Articles  •  Britain  •  RMT union

Bombardier jobs massacre – unions must resist!

08 July 2011

Over 1,400 jobs are being cut at train manufacturer Bombardier, but Unite is failing to organise resistance, writes M J Cook

Bombardier trains has announced it will cut over 1400 jobs at its plant in Derby, following a decision by the Department for Transport to offer a Thameslink contract, worth around £1.4 billion, to German manufacturer Siemens.
The effects of these job cuts will be felt throughout the city, as over 12,000 jobs are said to be linked to the rail supply chain. Derby City Council has predicted losses of between £150-£200 million to the local economy as a result of the announcement made on Tuesday.
Bombardier plans to cut 446 permanent contracts, as well as 983 temporary contracts, resulting in a total of 1429 redundancies in the 3,000-strong plant. Much has been made of these job cuts, as Bombardier is the last remaining passenger train manufacturer in the UK, and the ConDem government is being blamed for the redundancies due to the fact that it chose not to give the Thameslink contract to a British company. In response, Transport Secretary Phillip Hammond said that the Government had no choice in the matter, as EU procurement regulations state that they must award the contract to the bid which represented the best value for money.
Kevin Owen, a welder at the Derby plant said that the Government has “gone for the bottom line, not for the bigger picture- what this could mean for the whole country and the industry.”
Fortunately, Unite, which organizes the workers at Bombardier has pledged to “fight night and day” to protect jobs at the plant. Unfortunately, that’s about all they’ve done. The union, which is the largest in Britain, has put up almost no resistance to the planned job losses, with general secretary Len McCluskey stating that they “will be working tirelessly to maximise voluntary redundancies and natural wastage”. Unite’s bite has been as pitiful as its bark; the union has decided to start an online campaign to “keep British rail manufacturing on track”, demanding the ConDems reverse their decision and award the contract to Bombardier.
The RMT has stepped in and organised a demonstration on Saturday 23rd of July to oppose the job losses. Bob Crowe called the Government’s decision “an act of political vandalism”.
There are a few issues which have largely been glossed over by the media, the DfT and the unions, however. For a start, prior to the decision to give Siemens the Thameslink contract, Bombardier had already warned the Government that they would be cutting 1,200 jobs regardless of whether it got the contract or not.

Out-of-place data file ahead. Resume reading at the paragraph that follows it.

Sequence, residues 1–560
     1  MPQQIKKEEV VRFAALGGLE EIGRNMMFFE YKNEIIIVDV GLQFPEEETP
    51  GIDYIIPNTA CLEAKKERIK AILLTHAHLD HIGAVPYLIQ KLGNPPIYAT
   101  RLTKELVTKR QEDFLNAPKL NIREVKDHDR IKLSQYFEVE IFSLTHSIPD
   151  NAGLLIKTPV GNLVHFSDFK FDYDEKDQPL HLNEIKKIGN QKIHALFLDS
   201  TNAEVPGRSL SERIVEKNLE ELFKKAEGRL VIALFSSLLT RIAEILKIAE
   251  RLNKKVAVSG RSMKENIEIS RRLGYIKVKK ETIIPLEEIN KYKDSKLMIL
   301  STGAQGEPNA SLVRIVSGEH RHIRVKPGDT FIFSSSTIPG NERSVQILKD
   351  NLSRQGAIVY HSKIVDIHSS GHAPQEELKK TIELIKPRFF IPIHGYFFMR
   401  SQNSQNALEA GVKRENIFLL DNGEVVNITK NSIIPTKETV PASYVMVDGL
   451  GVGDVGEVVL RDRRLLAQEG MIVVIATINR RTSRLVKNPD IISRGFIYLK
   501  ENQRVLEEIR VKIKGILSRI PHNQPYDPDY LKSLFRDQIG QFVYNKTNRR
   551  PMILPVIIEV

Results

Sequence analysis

What’s more, Francis Paonessa, president of the passengers’ division of Bombardier, stated that the Derby plant had seen record levels of production over the past year. To add insult to injury, in the last calendar year (January 2010-January 2011) Bombardier made a profit of $4,352 million USD globally, an increase on the year before.
Once again, by cutting through the rhetoric of “British skills and British manufacturing”, which has raised its ugly head again in Unite, and the typical Brussels-bashing of the Government, we can see the heart of the matter. Workers are being made to pay so that their bosses can keep their profit margins in the heart of an economic crisis which they didn’t cause. After all, Kevin Owens and his co-workers didn’t write the EU procurement law, nor are they responsible for Bombardier’s contracts drying up because of the economic crisis.
This is what Unite should be saying, instead of rolling over and making feeble statements about natural wastage and voluntary redundancies. It should be calling for an occupation and solidarity strikes; it should refuse to accept a single job loss because that is what its members pay their subs for. If Bombardier refuses to keep its employees under contract, then the company’s assets should be nationalised under the direct control of the people who actually work in the plant. There are plenty of things that we need to build, and replacing old train stock is one of them – since the bosses can’t run the company then the workers should!

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